The July issue of Visually Handicapped Views (South Dakota) was the last under the editorship of Agnes Zachte, who had accepted a position as social caseworker with the Ward County Department of Public Welfare, in Minot, North Dakota. For a number of years this well-written and newsy little publication was jointly edited by Agnes and her late husband, the well-beloved Gus. They attended many NFB national conventions together. Dean Sumner, of Watertown, South Dakota, became editor with the August issue.
Among celebrities of stage and screen who have recently aided work for the blind by recording their voices are Claudette Colbert, Arlene Francis, Robert Young and Edward R. Murrow.
The only information the Monitor has received concerning the recent convention of the Washington State Association of the Blind is the list of new officers. They are: President, Roy E. Welker, 112 West Mansfield, Spokane; vice-president, William Smith, Battle Ground; secretary, Ruth Thrower, Seattle; treasurer, Lyle Von Erichsen, Spokane; ways and means committee chairman, O. E. Flory, Spokane; legislative chairman, Wesley Osborne, Tacoma; welfare chairman, Oscar Mortenson, Seattle; delegate to next NFB convention, Roy E. Welker; alternate, Reverend Fritz Dreyer, Walla Walla.
Harold Carter of Springfield, Illinois, who has been reading the Braille Monitor onto tape for the benefit of many midwestern Federationists, has moved to Des Moines Iowa, to join the staff of the Iowa Commission for the Blind. His new duties will give him little leisure time but he will continue to tape record the Monitor. His fluent reading of Braille and his unusual rhetorical ability have made those who have the privilege of listening to him each month deeply grateful.
On September 19th the Rhode Island Federation of the Blind held its annual election meeting, and chose the following: President, Elena Landi, 25 Kentland Avenue, Providence; vice-president, Antone Santos, Providence; recording secretary, Martha Goff, Kingston; corresponding secretary, Josephine Santos, Providence; treasurer, Rita Callaghan, Providence; advisors, Frank De Rosa, Warwick; Carl King, Providence; Albert Piccolo, Newport.
Riddle: What has feathers, 20 legs and says "Baa, baa, baa"? Answer: Ten Indians singing the "Whiffenpoof Song".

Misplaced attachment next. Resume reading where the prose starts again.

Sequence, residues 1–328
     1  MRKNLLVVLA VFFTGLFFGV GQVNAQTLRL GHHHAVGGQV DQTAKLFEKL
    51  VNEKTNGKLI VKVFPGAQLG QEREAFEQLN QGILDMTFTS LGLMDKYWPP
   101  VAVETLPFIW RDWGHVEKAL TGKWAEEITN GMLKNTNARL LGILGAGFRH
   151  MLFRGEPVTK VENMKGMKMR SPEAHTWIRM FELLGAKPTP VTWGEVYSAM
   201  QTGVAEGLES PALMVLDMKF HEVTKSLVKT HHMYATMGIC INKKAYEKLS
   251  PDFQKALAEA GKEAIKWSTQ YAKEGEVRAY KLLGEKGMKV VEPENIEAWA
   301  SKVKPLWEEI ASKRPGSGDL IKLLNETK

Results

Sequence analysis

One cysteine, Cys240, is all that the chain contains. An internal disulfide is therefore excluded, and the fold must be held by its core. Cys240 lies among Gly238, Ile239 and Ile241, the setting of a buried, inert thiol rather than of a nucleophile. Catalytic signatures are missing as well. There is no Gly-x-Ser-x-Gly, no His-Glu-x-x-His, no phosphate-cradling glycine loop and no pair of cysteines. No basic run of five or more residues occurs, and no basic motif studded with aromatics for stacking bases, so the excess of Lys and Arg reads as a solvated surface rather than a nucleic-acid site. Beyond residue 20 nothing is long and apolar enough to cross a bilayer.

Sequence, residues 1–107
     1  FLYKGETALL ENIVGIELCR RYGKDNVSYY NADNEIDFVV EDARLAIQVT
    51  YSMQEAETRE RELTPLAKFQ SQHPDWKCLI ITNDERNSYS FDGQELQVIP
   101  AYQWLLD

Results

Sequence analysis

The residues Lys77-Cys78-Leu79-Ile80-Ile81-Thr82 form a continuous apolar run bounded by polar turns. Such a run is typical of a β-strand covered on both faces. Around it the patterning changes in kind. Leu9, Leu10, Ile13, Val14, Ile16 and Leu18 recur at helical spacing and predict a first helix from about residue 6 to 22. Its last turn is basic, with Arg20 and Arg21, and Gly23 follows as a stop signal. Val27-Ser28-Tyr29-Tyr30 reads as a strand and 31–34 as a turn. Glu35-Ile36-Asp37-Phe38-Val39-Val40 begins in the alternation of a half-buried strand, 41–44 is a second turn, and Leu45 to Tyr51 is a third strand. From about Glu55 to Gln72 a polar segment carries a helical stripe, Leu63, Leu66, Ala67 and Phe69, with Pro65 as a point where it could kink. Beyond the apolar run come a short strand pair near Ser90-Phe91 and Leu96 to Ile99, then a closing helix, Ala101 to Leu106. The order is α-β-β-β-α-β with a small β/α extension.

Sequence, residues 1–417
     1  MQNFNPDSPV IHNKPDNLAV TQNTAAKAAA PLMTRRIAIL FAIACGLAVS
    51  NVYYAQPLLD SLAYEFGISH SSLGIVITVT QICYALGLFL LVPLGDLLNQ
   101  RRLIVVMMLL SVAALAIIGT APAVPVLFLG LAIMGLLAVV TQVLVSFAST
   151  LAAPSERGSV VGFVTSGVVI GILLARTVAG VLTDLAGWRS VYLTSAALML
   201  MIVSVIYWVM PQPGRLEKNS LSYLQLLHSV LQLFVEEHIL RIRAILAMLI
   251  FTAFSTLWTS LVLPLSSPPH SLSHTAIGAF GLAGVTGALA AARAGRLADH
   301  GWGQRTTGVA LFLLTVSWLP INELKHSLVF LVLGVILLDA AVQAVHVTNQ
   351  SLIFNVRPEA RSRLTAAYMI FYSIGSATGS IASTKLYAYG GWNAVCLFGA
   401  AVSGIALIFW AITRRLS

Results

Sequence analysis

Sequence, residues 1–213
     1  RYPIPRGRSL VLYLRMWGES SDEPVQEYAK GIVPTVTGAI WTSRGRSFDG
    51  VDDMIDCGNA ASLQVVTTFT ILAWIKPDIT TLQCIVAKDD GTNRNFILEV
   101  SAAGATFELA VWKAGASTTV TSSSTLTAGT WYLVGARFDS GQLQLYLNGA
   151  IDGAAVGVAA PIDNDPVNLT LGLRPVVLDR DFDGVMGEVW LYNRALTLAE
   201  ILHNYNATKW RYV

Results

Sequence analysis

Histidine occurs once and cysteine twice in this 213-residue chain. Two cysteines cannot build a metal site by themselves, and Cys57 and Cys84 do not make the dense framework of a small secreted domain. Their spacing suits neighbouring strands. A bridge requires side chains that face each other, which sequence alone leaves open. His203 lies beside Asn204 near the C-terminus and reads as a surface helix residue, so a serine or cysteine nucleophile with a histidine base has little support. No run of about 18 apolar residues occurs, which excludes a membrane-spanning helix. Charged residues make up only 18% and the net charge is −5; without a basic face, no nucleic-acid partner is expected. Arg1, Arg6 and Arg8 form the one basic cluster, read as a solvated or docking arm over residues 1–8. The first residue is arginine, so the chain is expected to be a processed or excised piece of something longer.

The Braille Monitor's informal "Blind Teacher's Employment Bureau" can now claim that it had at least some part in securing a job for one of the many eager and competent young blind graduates who are now trying desperately to gain the opportunity to demonstrate their teaching ability. As soon as we were notified of the vacancy at Reno, Nevada, caused by the departure of Bettye Powell, (now Mrs. David Krause), all unemployed blind teachers on our list were alerted. Miss Constance McFarland of McFarland, Wisconsin was the successful applicant.
From the Oakland Orientation Center Alumni Newsletter: "After four delightful daughters, Dr. Lee and Allen are now the proud parents of little Allen Jenkins, III."
From the Michigan Eye Opener: "Merle Ford, 1300 Grand Street, N.E., Minneapolis, Minnesota., a highly qualified blind broom maker, writes in search of sales outlets. His income was substantially cut when Skilcraft set up shop in the Minneapolis Agency for the Blind. Their telephone solicitation sales program, along with sighted salesmen, has hurt the blind door-to-door salesmen, as well as blind broom makers. His price in dozen lots for fine quality house brooms is $12.75. ... A new model Braillewriter, distributed by the Beutler Company, 110 West 30th Street, New York City, is available for immediate delivery. It is known as Model 3, A. and S. Braillewriter. Among its features are easier paper insertion with fingertip opener, a shifting lever to move the carriage from line to line, easier margin settings, sharp, clear Braille, tough construction. Price, $89.50, with carrying case."
Quite a number of contributions to the Louis Braille Memorial Museum Fund have come in since I left for Rome last July. These will all be forwarded at the end of the current year, so you can still get your name on the great scroll at Coupvray if you have not previously done your part.
Senator Humphrey of Minnesota is planning to work hard during the next session of Congress for a bill which would give a tax credit to those who employ older workers.
The new president of the Pennsylvania Blind Merchants Guild is B.F. Dilbeck, Jr., 5424 Baltimore Avenue, Philadelphia 43, Pennsylvania.